Think of all the whispers in Scripture—Jesus’ words on the cross (“I thirst!”), the hushed speech of the lovers in the Song of Songs, the whispered exchanged between Jesus and the Beloved Disciple at the Last Supper. Of course, whispering has its dark side. Gossipers speak in a whisper. Conspirators plot in secret. Whispers, which seem designed for lovers, can be perverted into the tools of betrayal.

An Inviting Tone

The power of the whisper lies not in its overpowering thump as with a loud shout, but in its enticing draw, its invitation to draw near and lean closer. One who whispers invites us to share his secrets, to become one with him in a private, shrouded space. In the same way that lovers seek the seclusion of a long walk in the woods or a conversation behind closed doors, away from the bustle of the world, so too do those who seek God seek a kind of seclusion, a secret space away from others where He can be communed with, whispered to. Jesus invites his followers to such a private communion when he tells them to go into their rooms, close their doors and pray to the Father who sees in secret (Matt 6:6). Intimacy with God does not thrive in bluster, bombast and bravado, but in beautiful simplicity, when the soul finally takes to heart the words of Psalm 46: “Be still and know that I am God.” The moments of deepest prayer are usually moments of quiet awe before the throne of God.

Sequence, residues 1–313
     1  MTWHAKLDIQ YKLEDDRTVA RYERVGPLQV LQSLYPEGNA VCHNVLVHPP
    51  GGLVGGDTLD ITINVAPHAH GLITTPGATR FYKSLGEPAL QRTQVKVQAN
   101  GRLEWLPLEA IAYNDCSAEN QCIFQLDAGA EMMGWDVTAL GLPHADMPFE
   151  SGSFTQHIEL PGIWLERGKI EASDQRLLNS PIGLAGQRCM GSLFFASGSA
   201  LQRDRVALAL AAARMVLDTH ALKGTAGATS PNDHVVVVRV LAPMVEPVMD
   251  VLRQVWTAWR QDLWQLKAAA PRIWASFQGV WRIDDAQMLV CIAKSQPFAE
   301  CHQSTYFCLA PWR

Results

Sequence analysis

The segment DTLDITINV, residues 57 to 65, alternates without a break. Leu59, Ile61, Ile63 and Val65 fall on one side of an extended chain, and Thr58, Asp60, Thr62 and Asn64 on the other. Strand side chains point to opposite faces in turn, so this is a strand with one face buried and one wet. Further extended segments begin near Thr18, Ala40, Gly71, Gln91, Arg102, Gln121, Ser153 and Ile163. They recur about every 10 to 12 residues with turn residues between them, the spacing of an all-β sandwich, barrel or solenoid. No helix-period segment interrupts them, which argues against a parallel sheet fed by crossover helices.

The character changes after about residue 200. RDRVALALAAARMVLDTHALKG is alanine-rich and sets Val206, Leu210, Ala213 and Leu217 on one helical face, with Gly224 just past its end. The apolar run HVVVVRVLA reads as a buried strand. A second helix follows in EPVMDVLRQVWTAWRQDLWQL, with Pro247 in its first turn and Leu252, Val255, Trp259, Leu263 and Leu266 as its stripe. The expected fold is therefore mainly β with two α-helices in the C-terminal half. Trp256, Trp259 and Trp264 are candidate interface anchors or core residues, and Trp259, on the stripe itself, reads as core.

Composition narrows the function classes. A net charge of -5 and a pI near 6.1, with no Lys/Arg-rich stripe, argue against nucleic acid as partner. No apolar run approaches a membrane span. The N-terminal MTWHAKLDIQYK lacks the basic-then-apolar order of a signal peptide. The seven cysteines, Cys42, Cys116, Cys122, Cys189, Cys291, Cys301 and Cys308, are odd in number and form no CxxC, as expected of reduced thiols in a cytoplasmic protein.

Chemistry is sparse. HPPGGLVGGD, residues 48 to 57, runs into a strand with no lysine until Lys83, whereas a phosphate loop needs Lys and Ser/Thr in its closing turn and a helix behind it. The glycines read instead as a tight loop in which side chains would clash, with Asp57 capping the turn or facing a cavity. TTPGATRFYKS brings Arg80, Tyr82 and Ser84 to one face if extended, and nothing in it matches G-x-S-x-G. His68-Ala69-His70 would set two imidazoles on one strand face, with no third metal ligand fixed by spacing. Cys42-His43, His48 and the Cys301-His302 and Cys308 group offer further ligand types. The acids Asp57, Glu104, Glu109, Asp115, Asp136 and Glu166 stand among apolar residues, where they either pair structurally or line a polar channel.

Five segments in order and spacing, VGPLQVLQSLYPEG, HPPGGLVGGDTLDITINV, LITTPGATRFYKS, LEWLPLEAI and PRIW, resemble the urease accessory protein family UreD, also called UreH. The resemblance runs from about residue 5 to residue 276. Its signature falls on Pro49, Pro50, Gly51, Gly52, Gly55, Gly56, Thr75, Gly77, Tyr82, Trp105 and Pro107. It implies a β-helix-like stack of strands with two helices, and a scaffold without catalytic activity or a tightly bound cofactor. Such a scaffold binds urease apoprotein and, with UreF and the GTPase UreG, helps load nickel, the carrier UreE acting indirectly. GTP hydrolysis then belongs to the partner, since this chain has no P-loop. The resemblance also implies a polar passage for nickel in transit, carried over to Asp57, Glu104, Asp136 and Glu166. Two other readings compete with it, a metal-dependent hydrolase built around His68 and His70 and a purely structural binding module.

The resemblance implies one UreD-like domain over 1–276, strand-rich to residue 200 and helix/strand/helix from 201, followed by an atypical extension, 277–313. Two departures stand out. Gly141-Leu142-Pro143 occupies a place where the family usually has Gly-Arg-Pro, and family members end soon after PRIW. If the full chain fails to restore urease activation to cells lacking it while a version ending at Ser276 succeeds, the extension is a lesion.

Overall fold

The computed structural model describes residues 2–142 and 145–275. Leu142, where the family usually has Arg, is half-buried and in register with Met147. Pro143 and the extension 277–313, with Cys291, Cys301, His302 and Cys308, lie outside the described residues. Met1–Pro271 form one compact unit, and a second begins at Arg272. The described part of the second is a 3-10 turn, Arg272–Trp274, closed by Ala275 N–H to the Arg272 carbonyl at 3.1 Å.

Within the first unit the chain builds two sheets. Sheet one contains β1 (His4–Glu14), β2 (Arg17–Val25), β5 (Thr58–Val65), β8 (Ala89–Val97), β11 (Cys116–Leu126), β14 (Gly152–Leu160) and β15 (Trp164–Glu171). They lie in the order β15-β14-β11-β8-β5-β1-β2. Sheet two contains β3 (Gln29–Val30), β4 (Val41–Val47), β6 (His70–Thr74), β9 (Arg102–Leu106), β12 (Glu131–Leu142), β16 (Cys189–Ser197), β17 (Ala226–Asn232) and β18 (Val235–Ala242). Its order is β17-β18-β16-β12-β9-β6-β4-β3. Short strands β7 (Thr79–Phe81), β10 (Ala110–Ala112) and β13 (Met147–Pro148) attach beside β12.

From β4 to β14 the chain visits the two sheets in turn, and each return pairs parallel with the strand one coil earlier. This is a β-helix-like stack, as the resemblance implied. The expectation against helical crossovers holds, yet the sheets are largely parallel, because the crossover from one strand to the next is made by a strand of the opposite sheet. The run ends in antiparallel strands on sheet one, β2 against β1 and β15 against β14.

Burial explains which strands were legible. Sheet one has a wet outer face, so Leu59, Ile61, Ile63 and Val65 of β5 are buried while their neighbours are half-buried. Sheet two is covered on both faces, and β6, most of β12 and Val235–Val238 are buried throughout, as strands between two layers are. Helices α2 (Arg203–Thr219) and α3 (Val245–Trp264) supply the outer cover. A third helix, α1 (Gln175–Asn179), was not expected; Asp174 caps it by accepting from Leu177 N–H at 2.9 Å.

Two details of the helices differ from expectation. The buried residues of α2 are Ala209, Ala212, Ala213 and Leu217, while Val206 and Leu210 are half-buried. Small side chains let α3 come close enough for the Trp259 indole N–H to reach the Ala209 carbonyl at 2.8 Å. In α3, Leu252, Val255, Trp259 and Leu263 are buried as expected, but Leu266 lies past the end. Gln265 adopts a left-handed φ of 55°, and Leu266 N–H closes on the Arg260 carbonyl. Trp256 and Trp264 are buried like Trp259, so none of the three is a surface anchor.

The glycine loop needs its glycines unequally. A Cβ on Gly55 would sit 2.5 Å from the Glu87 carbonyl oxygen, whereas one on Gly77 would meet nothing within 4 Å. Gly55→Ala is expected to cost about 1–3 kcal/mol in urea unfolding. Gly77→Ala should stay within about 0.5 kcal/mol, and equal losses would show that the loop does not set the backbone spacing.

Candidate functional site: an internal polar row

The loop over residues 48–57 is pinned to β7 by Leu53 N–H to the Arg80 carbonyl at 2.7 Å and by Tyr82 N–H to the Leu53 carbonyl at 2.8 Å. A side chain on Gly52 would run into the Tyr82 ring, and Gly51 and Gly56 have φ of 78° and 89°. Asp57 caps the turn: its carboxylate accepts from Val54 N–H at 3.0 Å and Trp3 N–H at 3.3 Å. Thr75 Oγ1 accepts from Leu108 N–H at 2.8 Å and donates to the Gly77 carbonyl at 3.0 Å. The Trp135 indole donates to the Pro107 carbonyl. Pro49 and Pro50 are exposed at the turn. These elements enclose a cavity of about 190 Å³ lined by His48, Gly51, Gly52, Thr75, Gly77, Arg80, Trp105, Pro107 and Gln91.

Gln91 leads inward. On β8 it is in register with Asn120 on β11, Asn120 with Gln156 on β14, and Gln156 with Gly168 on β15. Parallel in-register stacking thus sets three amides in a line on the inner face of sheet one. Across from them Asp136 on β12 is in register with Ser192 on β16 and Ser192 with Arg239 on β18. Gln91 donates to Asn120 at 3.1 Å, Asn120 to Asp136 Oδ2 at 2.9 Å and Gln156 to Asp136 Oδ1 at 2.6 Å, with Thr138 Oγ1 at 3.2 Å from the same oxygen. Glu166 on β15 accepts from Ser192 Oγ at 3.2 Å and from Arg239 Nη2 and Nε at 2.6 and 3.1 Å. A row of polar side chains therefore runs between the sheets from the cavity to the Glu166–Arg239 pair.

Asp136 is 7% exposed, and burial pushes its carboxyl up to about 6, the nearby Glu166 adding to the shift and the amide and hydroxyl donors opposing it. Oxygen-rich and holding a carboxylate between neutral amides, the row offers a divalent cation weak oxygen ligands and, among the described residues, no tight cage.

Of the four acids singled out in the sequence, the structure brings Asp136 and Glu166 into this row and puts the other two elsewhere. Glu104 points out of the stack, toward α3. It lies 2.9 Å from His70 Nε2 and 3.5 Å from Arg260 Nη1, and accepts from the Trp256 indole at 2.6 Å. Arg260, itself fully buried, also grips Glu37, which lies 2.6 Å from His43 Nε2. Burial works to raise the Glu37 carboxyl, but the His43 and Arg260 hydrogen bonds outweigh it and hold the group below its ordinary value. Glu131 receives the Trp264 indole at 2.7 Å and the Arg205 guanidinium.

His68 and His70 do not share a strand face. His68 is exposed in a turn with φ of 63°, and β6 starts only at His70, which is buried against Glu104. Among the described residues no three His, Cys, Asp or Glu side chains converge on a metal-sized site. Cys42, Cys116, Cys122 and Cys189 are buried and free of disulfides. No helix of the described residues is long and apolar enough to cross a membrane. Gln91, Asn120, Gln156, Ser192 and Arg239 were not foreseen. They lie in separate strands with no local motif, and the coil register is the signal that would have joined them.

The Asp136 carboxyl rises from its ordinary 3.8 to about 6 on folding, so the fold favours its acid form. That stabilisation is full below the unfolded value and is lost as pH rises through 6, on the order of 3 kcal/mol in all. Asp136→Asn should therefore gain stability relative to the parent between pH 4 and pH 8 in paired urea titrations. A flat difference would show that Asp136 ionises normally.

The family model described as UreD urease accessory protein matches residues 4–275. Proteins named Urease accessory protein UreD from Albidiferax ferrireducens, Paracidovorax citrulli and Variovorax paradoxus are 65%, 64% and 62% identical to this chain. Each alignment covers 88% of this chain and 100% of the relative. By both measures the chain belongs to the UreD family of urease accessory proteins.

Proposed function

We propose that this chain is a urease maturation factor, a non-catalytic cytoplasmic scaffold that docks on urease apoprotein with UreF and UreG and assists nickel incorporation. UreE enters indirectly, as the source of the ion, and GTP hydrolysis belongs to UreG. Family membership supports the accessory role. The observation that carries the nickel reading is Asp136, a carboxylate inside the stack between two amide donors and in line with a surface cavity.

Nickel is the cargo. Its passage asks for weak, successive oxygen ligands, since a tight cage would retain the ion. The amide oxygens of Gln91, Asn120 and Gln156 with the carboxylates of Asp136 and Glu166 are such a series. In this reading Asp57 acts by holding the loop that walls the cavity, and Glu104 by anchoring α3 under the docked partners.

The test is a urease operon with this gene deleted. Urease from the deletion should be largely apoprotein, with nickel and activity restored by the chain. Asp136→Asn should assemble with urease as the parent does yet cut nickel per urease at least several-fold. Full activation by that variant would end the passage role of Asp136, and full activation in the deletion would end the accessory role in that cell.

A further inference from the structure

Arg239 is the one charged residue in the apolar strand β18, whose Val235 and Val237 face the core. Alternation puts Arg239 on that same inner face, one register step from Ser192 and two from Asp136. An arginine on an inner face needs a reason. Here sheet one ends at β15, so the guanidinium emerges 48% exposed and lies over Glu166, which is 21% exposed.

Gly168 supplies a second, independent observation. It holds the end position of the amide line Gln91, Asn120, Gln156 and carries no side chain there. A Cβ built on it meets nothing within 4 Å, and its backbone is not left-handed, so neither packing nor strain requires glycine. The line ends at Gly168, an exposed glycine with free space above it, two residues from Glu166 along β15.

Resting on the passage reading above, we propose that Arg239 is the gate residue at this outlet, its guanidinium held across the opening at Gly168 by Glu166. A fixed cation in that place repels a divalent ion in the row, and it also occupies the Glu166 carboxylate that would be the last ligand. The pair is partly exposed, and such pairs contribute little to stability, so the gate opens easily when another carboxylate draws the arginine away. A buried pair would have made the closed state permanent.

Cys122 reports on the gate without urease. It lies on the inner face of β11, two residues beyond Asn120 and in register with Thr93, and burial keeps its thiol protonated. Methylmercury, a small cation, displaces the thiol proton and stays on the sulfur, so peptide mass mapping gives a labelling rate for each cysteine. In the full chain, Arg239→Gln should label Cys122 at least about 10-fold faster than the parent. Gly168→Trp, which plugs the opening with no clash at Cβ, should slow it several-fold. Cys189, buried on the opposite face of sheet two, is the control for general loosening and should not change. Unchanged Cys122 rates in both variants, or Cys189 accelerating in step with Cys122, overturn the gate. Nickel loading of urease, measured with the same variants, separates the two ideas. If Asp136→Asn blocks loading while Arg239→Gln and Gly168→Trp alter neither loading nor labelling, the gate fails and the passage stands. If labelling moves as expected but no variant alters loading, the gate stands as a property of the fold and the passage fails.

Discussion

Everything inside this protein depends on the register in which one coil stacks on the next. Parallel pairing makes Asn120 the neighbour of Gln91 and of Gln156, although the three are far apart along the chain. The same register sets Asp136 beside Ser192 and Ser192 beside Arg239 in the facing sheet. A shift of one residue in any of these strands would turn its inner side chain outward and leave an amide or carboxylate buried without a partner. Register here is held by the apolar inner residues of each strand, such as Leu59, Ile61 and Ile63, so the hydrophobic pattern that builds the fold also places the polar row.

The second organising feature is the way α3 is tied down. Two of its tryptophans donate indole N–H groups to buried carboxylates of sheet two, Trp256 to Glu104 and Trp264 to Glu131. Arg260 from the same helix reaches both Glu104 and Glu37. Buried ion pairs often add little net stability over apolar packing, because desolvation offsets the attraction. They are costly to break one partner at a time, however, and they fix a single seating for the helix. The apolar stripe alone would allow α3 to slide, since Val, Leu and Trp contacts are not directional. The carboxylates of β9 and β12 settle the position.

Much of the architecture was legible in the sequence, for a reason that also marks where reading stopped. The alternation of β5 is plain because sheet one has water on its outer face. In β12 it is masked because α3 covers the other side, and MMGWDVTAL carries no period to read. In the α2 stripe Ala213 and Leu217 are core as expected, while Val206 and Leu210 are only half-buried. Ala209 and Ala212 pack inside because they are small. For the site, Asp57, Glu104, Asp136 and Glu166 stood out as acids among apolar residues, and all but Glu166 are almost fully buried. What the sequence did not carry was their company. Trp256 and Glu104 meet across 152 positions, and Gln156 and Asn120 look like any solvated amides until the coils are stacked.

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07August

A Defense of the Grotesque in Flannery O’Connor’s Art

Taken from Crisis Magazine
by Dr. R. Jared Staudt

A Defense of the Grotesque in Flannery O’Connor’s Art